The course is divided in three modules, in such an order as to allow the students to follow the historical intellectual development that brought the monuments – and much later historic landscape and urban fabrics – to be considered and treated as heritage in the world, starting with the fathers of the discipline in the 19th century and including its twentieth century development, up to the 1972 UNESCO World Heritage Convention. The implementation of this charter will be analysed in several countries, along with the Nomination processes. At the end of Module 2 each student will present a Nomination selected in their home country.
The final task will concern Italian sites in Veneto that will be visited:
The students, in their final written report, will be invited to analyse the Nominations, highlighting their strong and weak points.
Module 1: History and Theory of Restoration
It was during the 19th c. that restoration became a real issue in Europe: our efforts will focus on the debate between the theories of Viollet-le-Duc and those of Ruskin, as representatives of opposite concepts of the monument and its preservation. Twentieth-century theoretical development brought into being the various Charters on conservation, along with the W. H. Convention and its implementation instrument, the Practical Guidelines. These are constantly in the process of adjusting to an ever richer and more complex reality, which will be analysed in this part of the course.
Module 2: Analysing a relevant number of Nominations around the world.
Through the analyses, the students will get acquainted with the procedures, the different problems to be dealt with and, in more than one case, the contradictions, involved in the process. These are the sites:
Austria: Hallstatt-Dachstein/ Salzkammergut Cultural Landscape, Wachau Cultural Landscape;
China: Mountain Resort and its Outlying Temples, Chengde, Longmen Grottoes;
Germany: Classical Weimar (with Goethe’s House);
India: Mountain Railways of India (limited to the first, The Darjeeling Himalayan Railway);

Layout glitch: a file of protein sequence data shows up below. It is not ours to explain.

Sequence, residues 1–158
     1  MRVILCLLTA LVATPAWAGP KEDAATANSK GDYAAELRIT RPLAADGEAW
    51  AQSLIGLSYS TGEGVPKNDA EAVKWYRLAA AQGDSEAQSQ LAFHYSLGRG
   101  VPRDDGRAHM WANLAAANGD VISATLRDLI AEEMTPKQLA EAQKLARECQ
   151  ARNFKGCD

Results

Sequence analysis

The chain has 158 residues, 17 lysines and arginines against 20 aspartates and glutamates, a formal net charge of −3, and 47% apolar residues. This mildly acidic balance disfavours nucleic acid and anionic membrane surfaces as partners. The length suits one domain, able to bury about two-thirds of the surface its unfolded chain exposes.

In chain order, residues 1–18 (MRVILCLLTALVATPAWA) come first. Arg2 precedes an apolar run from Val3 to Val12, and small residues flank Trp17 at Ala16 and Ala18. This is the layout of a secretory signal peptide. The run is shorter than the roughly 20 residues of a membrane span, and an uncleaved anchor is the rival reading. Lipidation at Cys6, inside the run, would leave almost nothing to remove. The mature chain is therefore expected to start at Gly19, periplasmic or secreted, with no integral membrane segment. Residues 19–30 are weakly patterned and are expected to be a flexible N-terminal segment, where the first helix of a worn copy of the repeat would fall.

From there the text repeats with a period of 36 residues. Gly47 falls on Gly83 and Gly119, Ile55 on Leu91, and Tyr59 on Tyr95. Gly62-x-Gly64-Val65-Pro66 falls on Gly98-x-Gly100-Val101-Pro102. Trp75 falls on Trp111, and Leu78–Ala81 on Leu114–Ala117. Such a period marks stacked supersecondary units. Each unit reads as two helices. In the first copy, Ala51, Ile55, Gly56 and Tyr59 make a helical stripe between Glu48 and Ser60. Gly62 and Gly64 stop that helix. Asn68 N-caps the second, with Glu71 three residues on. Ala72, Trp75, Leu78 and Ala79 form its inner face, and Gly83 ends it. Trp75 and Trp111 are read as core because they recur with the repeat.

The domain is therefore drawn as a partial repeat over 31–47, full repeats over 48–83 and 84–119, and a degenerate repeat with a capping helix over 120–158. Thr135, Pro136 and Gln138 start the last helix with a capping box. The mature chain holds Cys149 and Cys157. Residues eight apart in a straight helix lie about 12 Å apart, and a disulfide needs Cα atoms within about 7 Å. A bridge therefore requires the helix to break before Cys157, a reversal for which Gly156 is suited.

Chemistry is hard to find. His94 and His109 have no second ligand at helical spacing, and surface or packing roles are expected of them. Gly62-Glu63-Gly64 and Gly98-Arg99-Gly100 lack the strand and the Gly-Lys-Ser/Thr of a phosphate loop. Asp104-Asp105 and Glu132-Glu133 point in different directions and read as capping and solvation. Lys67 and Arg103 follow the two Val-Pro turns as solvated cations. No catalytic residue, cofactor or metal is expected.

Iran: Shushtar Historical Hydraulic System, Armenian Monastic Ensembles of Iran;
Italy: as above indicated;
Libya: Old Town of Ghadames;
Nepal: Kathmandu Valley;
Thailand: Historic City of Ayutthaya;
UK: Frontiers of the Roman Empire (limited to Hadrian’s Wall), Blenheim Palace.
Module 3: Nomination fieldwork in four Italian WHS
The sustainability of the Nomination of a WHS, along with its Management Plan (MP) are both essential requirements. How do they work in the four Veneto WH sites? We will try to verify if the legal framework for their protection, with the tools foreseen by the MP, are working efficiently or not. Summing up the results of our analyses, we will be able to validate the Nomination Dossier criteria, the division of the core and buffer zone, and finally to evaluate the efficiency of the Management Plan, with each student writing a report for a chosen WHS.
As a first result of the course the students will get acquainted with the domain of restoration, from its historical beginnings up to our times, as well as in several different contexts in the world. The second result to be obtained will be the understanding of the criteria inspiring the selection of the most important sites of outstanding universal value and ways of protecting them.
Teaching and Evaluation methods
Lectures for the first two modules, with some discussion seminars starting with the second module; then, site visits and more discussion seminars with the presentations of the students' projects in progress.
The exam will consist in the presentation of a written report (3600 words plus illustrations) for the chosen WHS by each student or group of students.
30% General preparation concerning Modules 1 - 2
50% Student final written evaluation report to the four Veneto W.H.S.
Bibliography (to be discusses in a seminar, assessing the reading load)
-N. Stanley Price, M. Kirby Talley Jr., A. Melucco Vaccaro (eds), Historical and Philosophical Issues in the Conservation of Cultural Heritage, The Getty Conservation Institute, Los Angeles, 1996.
-J. Jokilehto, A history of architectural conservation, Oxford, Butterworth-Heinemann, 1999.
-G. Gianighian, Italy, in R. Pickard (ed), Conservation of the European Built Heritage Series (Volume 1°): Policy and Law in Heritage Conservation, E&FN SPON, London & New York, 2001, pp. 184-206.
-Idem, Venice, Italy in R. Pickard (ed), Conservation of the European Built Heritage Series (Volume 2°): Management of Historic Centres, E&FN SPON, London & New York, 2001, pp. 162-186.
-N. Mitchell, M. Roessler, P.M. Tricaud, A Handbook for Conservation and Management. World Heritage Cultural Landscapes, 26, UNESCO World Heritage Centre, Paris 2009.
-B. S. Frey, P. Pamini, Making world heritage truly global: The Culture certificate Scheme, Oxonomics 4 (2009), 1-9.
-B. S. Frey, L. Steiner, World Heritage List: does it make sense?, International Journal of Cultural Policy, 2011, 1-19, first article.